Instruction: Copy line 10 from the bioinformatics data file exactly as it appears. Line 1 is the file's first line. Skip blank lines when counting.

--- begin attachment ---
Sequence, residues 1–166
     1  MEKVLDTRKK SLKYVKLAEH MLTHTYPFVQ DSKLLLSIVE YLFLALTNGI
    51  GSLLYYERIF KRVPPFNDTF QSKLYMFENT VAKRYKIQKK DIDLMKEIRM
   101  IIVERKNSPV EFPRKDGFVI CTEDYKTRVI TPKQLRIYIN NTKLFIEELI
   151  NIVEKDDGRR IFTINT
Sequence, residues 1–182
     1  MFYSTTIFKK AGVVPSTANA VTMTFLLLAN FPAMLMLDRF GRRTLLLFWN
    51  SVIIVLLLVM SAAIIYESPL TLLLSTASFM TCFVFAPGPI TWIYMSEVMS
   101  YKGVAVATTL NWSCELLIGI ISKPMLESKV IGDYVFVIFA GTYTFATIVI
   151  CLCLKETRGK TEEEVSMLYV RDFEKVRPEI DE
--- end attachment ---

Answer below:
   151  CLCLKETRGK TEEEVSMLYV RDFEKVRPEI DE